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Bielat Challenges Kennedy in MA: 'Nobody Should Be Born into Power'

Bielat Challenges Kennedy in MA: 'Nobody Should Be Born into Power'

Sean Bielat, a former Marine with a business background, is running for Congress in Massachusetts’ fourth district against a novice Democrat with less than three years of experience in the real world.

If the Democrat’s last name were not “Kennedy,” Bielat, the Republican, would be close to victory in the final stages of the race. Despite all of the advantages Joe Kennedy III, has received because of his last name, a Kennedy victory is far from assured. The Massachusetts Democratic Party has put in resources into the race to help Kennedy during a time when Democrat Elizabeth Warren needs every bit of help she can get against Republican Sen. Scott Brown. The Bielat/Kennedy race may be closer than people think.

But the mainstream media — and especially those in Washington, D.C. — has been giddy about Joe Kennedy, and are assuming Kennedy will cruise to victory and have been making plans to anoint him as the next leader of their fable Camelot. 

“Now is the time to nip it in the bud,” Bielat told Breitbart News. “If Kennedy gets elected to Congress, we are going to see a couple decades of someone voting and acting like Kennedys have and that’s to everyone’s detriment not just in Massachusetts but across the United States.”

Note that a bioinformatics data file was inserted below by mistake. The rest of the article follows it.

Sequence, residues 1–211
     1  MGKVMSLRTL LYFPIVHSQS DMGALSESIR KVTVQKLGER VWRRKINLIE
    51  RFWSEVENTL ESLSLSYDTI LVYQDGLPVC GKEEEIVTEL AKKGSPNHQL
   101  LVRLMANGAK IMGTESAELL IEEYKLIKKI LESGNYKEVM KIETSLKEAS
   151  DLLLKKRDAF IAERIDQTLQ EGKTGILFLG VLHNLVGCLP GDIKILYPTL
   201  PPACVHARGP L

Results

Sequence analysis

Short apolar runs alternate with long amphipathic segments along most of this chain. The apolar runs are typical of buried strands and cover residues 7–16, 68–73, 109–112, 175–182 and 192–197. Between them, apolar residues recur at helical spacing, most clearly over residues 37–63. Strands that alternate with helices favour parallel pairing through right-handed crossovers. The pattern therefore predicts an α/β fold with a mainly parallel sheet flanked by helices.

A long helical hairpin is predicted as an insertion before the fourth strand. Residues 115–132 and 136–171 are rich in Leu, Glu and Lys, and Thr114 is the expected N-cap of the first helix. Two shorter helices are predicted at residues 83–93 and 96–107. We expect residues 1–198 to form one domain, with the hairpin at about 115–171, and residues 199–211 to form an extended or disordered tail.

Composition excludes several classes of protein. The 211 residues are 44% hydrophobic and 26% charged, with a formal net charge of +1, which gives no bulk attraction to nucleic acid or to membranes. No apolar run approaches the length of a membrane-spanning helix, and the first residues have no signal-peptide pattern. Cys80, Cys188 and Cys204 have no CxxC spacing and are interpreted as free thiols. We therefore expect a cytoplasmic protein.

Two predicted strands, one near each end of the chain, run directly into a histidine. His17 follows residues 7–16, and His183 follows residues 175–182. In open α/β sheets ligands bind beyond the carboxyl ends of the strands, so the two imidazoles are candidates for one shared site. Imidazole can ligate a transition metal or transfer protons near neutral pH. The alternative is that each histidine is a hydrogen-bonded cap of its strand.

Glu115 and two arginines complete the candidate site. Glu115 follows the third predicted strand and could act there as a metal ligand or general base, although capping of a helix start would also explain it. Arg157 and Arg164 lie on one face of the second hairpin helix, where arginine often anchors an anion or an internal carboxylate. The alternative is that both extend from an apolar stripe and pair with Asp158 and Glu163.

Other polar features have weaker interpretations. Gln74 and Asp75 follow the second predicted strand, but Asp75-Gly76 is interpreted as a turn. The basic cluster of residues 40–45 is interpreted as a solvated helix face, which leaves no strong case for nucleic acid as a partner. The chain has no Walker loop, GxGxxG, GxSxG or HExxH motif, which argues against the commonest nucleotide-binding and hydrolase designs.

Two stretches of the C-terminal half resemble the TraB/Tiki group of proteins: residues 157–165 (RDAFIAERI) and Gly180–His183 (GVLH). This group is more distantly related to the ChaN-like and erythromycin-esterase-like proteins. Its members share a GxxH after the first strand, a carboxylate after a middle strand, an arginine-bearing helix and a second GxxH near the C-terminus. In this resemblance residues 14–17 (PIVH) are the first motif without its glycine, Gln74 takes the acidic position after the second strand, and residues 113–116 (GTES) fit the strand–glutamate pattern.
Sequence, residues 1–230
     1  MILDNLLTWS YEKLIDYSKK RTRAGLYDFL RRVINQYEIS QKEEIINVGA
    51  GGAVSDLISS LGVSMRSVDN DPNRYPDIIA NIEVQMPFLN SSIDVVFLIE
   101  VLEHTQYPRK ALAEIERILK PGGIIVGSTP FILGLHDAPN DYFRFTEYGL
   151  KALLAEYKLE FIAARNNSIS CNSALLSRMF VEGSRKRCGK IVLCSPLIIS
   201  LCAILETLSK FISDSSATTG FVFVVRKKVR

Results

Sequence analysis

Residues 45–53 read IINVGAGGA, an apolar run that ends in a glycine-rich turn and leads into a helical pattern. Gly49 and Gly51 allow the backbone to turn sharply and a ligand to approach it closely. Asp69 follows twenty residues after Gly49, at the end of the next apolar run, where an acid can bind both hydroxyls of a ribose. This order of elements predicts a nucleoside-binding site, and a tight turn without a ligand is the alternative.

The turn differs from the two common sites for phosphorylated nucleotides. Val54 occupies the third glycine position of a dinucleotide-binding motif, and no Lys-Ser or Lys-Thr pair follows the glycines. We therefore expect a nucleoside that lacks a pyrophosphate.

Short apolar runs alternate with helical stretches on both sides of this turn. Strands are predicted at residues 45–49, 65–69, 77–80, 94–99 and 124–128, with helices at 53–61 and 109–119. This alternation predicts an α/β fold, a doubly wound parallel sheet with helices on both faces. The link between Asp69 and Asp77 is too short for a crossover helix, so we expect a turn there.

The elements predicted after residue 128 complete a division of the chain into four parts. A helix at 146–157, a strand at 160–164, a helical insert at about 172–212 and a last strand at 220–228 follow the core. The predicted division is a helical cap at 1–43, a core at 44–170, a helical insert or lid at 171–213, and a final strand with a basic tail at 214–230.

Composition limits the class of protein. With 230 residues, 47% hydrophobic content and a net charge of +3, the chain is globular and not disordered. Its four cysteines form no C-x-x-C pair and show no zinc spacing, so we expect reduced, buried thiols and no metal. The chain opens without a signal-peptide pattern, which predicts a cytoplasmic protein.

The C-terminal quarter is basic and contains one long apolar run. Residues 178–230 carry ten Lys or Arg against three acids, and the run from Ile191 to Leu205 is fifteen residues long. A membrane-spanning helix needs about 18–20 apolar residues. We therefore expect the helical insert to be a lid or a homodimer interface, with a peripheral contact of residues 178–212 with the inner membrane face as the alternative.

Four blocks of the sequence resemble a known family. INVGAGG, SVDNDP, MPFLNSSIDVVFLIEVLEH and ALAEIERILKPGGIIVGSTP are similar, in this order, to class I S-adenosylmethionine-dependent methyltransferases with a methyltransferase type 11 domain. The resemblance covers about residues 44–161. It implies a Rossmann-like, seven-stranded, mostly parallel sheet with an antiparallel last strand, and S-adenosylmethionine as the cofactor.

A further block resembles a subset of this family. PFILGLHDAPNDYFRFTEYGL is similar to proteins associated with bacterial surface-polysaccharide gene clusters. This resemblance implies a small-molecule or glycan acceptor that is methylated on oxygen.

But a Kennedy victory is far from assured, as the entitled candidate has largely avoided public events in the district so that his lack of knowledge about current affairs and qualifications are not exposed. 

During their final debate, an audience questioner asked Kennedy: “If your name were Joseph Patrick, Mr. Kennedy, and not Joseph Patrick Kennedy, based on your life experiences, would not your campaign be a joke?” 

Bielat was just as blunt when he said directly to Kennedy during their second debate: “I don’t think in any other state, in any other district in the country, people would consider you qualified for this office.”

Bielat, with his national security and business background, is as qualified to lead on economic and foreign policy issues as Kennedy is not. 

Bielat has a Masters of Public Policy in International Security from Harvard and a degree from the Wharton School of Business. He says voters are most concerned about jobs and the economy but, with more attention on the Middle East, it is also important to have people in Washington who have experience in foreign affairs and Bielat, a former Marine who is now in the Reserves, has extensive experience on that front as well. 

When voters hear about Bielat’s background and how attentive he has been to the concerns of voters he has met on the trail (Bielat has talked about how voters in the district have brought up student loan debt as a big issue), Bielat says voters who had not heard of him tend to start trending toward him. His campaign is better organized than Kennedy’s and the race is a “dead heat” among undecided voters in the district.